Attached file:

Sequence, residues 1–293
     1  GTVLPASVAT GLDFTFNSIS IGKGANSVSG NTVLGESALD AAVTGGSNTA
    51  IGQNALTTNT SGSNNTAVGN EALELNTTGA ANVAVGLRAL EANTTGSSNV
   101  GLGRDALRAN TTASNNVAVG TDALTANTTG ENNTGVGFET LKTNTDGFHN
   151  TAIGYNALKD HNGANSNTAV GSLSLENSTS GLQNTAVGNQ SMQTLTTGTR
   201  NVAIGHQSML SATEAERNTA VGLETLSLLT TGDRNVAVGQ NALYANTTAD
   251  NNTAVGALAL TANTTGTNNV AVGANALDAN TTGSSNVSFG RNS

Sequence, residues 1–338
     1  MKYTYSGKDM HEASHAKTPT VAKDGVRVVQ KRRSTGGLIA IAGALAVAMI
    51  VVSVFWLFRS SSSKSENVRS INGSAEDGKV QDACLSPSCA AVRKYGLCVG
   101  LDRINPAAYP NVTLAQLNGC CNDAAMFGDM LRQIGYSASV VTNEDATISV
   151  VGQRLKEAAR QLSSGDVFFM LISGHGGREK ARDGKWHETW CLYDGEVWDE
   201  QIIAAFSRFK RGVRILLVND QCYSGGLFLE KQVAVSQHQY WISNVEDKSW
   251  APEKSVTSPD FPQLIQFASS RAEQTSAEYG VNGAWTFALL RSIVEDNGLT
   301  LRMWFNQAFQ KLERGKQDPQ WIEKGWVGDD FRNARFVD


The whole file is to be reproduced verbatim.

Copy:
Sequence, residues 1–293
     1  GTVLPASVAT GLDFTFNSIS IGKGANSVSG NTVLGESALD AAVTGGSNTA
    51  IGQNALTTNT SGSNNTAVGN EALELNTTGA ANVAVGLRAL EANTTGSSNV
   101  GLGRDALRAN TTASNNVAVG TDALTANTTG ENNTGVGFET LKTNTDGFHN
   151  TAIGYNALKD HNGANSNTAV GSLSLENSTS GLQNTAVGNQ SMQTLTTGTR
   201  NVAIGHQSML SATEAERNTA VGLETLSLLT TGDRNVAVGQ NALYANTTAD
   251  NNTAVGALAL TANTTGTNNV AVGANALDAN TTGSSNVSFG RNS

Sequence, residues 1–338
     1  MKYTYSGKDM HEASHAKTPT VAKDGVRVVQ KRRSTGGLIA IAGALAVAMI
    51  VVSVFWLFRS SSSKSENVRS INGSAEDGKV QDACLSPSCA AVRKYGLCVG
   101  LDRINPAAYP NVTLAQLNGC CNDAAMFGDM LRQIGYSASV VTNEDATISV
   151  VGQRLKEAAR QLSSGDVFFM LISGHGGREK ARDGKWHETW CLYDGEVWDE
   201  QIIAAFSRFK RGVRILLVND QCYSGGLFLE KQVAVSQHQY WISNVEDKSW
   251  APEKSVTSPD FPQLIQFASS RAEQTSAEYG VNGAWTFALL RSIVEDNGLT
   301  LRMWFNQAFQ KLERGKQDPQ WIEKGWVGDD FRNARFVD